Chief complaints

A 75-year-old female patient presented to the hospital as a result of right upper quadrant abdominal pain. Meanwhile, she also complained of anorexia and progressive generalized weakness.

History of present illness

Patient’s symptoms started two months ago with recurrent episodes of bloating.

History of past illness

The patient had a past history of hypertension and cerebral infarction that caused mild instability in walking.

Physical examination

On the first admission, her temperature was 36.4 °C, blood pressure was 100/63 mmHg, pulse rate was 82 beats/min, and respiratory rate was 16 breaths/min. Physical examination revealed tenderness in her right upper abdomen, with no evidence of any abdominal mass.

Laboratory examination

Laboratory examination showed a white blood cell (WBC) count of 43790/μL, with 87.1% of neutrophils, hemoglobin of 12.7 g/dL, platelets of 36200/mm3, total bilirubin of 0.12 mg/dL, direct bilirubin of 0.05 mg/dL, albumin of 3.7 g/dL, aspartate aminotransferase of 18 U/L, and alanine aminotransferase of 22 U/L. In addition, tests for serum tumor markers revealed no abnormalities in the levels of α-fetoprotein (AFP; 3.4 ng/mL) and carcinoembryonic antigen (1.80 ng/mL) but elevated levels of carbohydrate antigenic determinant (CA19-9; 72.6 U/mL). In addition, the coagulation profile was within normal limits, and the results of the hepatitis panel and human immunodeficiency virus antibody tests were negative. In view of the elevated WBC levels, the patient was discharged to the Hematology Clinic for bone marrow biopsy and other tests to rule out the possibility of blood diseases. Two weeks later, the patient was admitted again, and routine blood examination showed a WBC count of 77050/μL. Subsequently, the patient developed a fever of 38.6 °C, which did not subside after antibiotic infusion, and her blood WBC levels were not significantly lowered. The results of the bone marrow examination showed that the proportion of granulocyte-neutrophil nucleated cells was increased by 40%, and toxic granules could be observed (Figure 1). In addition, a peripheral smear revealed neutrophilia with band forms but no blasts. Subsequently, procalcitonin test was performed, and the result was 0.31 ng/mL, indicating a lower risk of infection. Moreover, repeat blood cultures were negative, but the WBC count was elevated continuously.

Figure 1
Figure 1 Bone marrow smear and bone marrow biopsy results. A-C: Bone marrow smears showed that hyperplasia was extremely active, the proportion of granulocyte-neutrophil nucleated cells increased, and most of the granules were coarse and numerous; D: Bone marrow biopsy examination showed that the hematopoietic tissue was obviously increased, the adipose tissue was reduced, the ratio of granulocytes to red blood cells was increased, and the megakaryocytes were visible.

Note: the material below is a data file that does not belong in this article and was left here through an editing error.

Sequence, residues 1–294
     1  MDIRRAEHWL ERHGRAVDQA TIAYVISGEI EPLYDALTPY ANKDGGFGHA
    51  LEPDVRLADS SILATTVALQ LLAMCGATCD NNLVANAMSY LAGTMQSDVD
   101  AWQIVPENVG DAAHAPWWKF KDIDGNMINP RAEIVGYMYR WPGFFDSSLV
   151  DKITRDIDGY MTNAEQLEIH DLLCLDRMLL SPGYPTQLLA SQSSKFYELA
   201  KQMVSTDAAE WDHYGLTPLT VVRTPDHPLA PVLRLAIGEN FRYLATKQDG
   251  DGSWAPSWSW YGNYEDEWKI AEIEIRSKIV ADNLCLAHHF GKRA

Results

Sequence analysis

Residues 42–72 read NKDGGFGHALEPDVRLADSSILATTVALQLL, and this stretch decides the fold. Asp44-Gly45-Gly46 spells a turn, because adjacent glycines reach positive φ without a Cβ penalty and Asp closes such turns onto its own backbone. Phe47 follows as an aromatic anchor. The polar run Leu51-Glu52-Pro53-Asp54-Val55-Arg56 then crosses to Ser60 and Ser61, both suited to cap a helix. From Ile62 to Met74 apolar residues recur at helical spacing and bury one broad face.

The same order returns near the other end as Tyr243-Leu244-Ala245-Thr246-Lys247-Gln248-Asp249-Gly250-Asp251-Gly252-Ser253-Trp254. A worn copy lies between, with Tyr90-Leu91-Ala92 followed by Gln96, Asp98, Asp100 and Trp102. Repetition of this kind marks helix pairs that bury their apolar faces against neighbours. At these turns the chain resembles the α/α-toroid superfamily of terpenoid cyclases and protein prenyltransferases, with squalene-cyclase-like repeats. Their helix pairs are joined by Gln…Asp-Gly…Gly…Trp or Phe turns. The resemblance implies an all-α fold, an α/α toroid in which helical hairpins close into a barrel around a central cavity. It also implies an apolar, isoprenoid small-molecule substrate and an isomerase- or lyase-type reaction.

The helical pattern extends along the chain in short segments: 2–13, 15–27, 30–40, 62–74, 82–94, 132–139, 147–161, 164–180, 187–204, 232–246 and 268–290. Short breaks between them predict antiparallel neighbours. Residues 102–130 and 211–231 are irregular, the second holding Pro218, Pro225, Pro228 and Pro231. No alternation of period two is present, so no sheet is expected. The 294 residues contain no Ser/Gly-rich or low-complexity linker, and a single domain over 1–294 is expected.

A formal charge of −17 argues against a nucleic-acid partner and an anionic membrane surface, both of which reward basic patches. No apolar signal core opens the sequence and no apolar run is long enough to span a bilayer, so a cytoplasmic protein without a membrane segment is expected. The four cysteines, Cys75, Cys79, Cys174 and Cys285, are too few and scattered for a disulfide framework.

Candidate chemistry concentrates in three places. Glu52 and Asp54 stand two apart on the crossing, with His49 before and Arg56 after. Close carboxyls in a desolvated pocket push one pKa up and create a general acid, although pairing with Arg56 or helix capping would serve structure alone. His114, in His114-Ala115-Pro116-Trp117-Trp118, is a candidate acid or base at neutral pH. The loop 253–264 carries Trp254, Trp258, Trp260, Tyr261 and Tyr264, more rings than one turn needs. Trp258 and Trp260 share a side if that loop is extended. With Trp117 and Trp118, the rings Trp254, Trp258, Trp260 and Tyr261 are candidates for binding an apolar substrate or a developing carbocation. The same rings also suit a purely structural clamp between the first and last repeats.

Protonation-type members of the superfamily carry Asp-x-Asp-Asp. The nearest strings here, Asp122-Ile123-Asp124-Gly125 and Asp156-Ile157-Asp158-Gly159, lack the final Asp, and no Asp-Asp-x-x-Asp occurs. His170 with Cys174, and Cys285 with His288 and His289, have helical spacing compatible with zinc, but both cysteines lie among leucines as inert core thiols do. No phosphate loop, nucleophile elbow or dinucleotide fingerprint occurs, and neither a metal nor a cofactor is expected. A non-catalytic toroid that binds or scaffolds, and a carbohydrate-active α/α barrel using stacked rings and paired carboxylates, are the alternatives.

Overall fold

Imaging examination

Computed tomography (CT) revealed a 9.3-cm focal hepatic mass in the left lobe of the liver, along with dilatation of the intrahepatic bile duct (Figure 2). A chest radiograph suggested no abnormality.

Figure 2
Figure 2 Computerized tomography image showing a 9. 3-cm focal hepatic mass in the left lobe of the liver and dilatation of intrahepatic bile duct, as indicated by the arrow.

Hence, symptoms, signs, and laboratory studies were negative for an infectious etiology. In summary, the elevation in WBC count was believed to be caused by a PLR, which was not a surgical contraindication.


Hepatectomy for the liver mass was performed 5 d after the second hospitalization. Immediately after tumor removal, her presenting symptoms and laboratory values were improved remarkably. Typically, her WBC count had dropped to the normal level 5 d after surgery (Figure 3). Postoperative pathology examination revealed that the poorly differentiated malignant cells were positive for CD34, Vimentin, human epithelial membrane antigen, and cytokeratin 7 (CK7), while negative for CK19 (Figure 4), which was suggestive of SHC.

Figure 3
Figure 3 Illustration of the clinical course of body temperature and white blood cell counts during the second hospitalization.
Figure 4
Figure 4 Microscopic image of the tumor showing poorly differentiated malignant cells suggestive of SHC.

Unfortunately, the patient died two and a half months after the second discharge. Since the patient’s family did not cooperate with our follow-up work, we are unable to know the specific circumstances of the patient’s death.


Generally, leukemoid reaction is conventionally defined as the condition in which the peripheral WBC count has exceeded 50000/μL, with a dominance of mature neutrophils, and it is related to the reactive causes outside the bone marrow, such as severe infection, poisoning, allergic reaction, drugs, or malignant tumors[3,9,10]. After the causes of the leukemoid reaction are removed, the abnormal changes in WBC counts in blood and bone marrow can return to normal levels within a short period of time.